Some might say that the war against content piracy is being being waged on the wrong front...
Matthew Tagg, CEO of local ISP Web Africa, explains.
Figures from the IDC show that piracy went up a percentage point in SA between 2007 and 2008 – amounting to R3.1bn in industry losses. While many people justifiably bemoan the spiralling piracy rates occurring across the world, it's unlikely that we will see any changes in the numbers without a radical shift in the way entertainment content is distributed globally. As South African law stands, end-user piracy is not a crime and is difficult to enforce as an infringement of copyright law. Our law dates back to 1978 and the maximum fine that can be imposed on someone selling pirated software is R5,000 per ripped copy. Our piracy problem, however, is not really a legal matter.
As an ISP, we receive regular generic emails and warning letters from content providers and copyright holders in the US and Europe urging us to crack down on piracy. I don't believe it's realistic to expect local ISP's to police what is a global issue.
Getting hands on content
One can sympathise deeply with the plight of creative content producers, especially musicians, who have to deal with a stunningly different landscape from twenty years ago. Where music piracy once involved painstaking tape to tape dubbing, today your average teenager can 'share' literally hundreds of albums with friends in a matter of minutes, by simply using their cell phones or flash sticks. Making a living off album sales just isn't what it used to be, and the world of DVD piracy is fast following suit.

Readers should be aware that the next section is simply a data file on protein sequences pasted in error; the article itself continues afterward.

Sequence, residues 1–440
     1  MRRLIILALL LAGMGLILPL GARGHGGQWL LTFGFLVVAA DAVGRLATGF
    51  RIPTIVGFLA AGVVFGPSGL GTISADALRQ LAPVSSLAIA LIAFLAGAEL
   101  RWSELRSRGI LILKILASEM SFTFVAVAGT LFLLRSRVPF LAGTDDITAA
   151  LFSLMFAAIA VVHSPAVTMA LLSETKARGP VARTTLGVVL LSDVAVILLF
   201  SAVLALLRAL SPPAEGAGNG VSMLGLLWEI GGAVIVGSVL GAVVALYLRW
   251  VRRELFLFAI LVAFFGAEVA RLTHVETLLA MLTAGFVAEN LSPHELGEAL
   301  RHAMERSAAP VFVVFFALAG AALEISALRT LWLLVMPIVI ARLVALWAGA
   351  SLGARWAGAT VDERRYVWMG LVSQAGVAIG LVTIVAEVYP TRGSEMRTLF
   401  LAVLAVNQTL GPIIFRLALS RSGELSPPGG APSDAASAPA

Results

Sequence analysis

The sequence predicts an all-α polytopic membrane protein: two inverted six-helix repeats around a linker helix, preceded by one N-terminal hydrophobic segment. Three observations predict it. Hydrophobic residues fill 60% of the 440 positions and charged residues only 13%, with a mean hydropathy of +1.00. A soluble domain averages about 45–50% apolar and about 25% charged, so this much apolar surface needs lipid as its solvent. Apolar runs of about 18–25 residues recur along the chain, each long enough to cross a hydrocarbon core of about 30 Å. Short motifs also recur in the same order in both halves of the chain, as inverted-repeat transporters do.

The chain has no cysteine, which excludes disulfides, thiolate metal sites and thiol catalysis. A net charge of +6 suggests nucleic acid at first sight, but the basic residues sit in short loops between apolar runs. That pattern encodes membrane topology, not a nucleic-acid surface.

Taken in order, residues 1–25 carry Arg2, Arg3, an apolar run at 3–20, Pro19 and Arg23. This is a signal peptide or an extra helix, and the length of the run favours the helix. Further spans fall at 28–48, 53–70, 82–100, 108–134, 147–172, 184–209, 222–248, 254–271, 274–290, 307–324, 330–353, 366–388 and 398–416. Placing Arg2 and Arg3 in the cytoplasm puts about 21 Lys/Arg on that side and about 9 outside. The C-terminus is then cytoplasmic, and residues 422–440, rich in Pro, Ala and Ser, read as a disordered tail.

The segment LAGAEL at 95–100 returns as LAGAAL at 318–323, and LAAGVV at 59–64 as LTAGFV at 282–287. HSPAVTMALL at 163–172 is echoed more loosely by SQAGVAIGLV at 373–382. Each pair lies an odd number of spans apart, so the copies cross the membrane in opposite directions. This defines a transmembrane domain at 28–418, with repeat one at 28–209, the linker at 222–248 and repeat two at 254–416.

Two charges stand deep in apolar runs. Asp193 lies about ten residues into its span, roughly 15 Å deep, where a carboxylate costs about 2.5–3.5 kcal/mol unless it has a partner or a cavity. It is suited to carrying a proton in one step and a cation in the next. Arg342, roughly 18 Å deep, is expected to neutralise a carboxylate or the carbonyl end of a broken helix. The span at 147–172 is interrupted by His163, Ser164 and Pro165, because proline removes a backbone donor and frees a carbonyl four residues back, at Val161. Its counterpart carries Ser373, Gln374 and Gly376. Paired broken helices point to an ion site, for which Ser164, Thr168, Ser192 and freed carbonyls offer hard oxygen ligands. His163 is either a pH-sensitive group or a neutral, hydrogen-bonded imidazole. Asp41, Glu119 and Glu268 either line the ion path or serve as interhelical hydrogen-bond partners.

But here's the rub. Research from Australia shows that while pirating music and movies is obviously attractive on the cost front, one of the primary motivational drivers amongst pirates is actually getting one's hands on fresh content that has already been released in other countries. This might sound a bit impatient, until you consider that in 2007 it took an average of 17 months for TV programmes to be shown in Australia after first airing overseas - a gap that was on the increase at the time.
The global entertainment eco-system is very delicate and involves the presence of many different stakeholders, from distributors to advertisers, each of whom have specific needs related to different regions and markets. This eco-system sees content released in a staggered manner across the world, and sees movies, music and TV shows arriving on South African and Australian shores (amongst many others) far later than in the west. This is an old, well rooted system, and it's not at all suited to an Internet age where immediate access to entertainment is starting to be viewed by consumers as something akin to a human right.
A major driving force behind piracy therefore is a lack of content distribution maturity. Consumers are living an on-demand entertainment lifestyle, and if the only way to access current content within this lifestyle context is piracy, then so be it. If, on the other hand, new content is made immediately accessible via a flat distribution structure, it is likely that many current pirates will happily pay for it.
Piracy tools are growing exponentially in application and scope. South Africa, for example, is just entering the world of uncapped bandwidth. As internet speeds increase and bandwidth issues recede, piracy becomes easier and easier. To fight the scourge at end-user level using moral persuasion and threats of retribution is surely self defeating. Our reality is that, technically speaking, content distribution has changed fundamentally. The business models behind the technologies now need to change too. Simply put, countries like South Africa need to be allowed to become far more mature in their ability to access fresh content.
If and when this sort of global content distribution maturity takes shape we could definitely see a flattening out of the piracy spike. But until then, it's very unlikely that asking ISPs to police Internet users with respect to what they download and why they download it will have any meaningful effect on the phenomenon.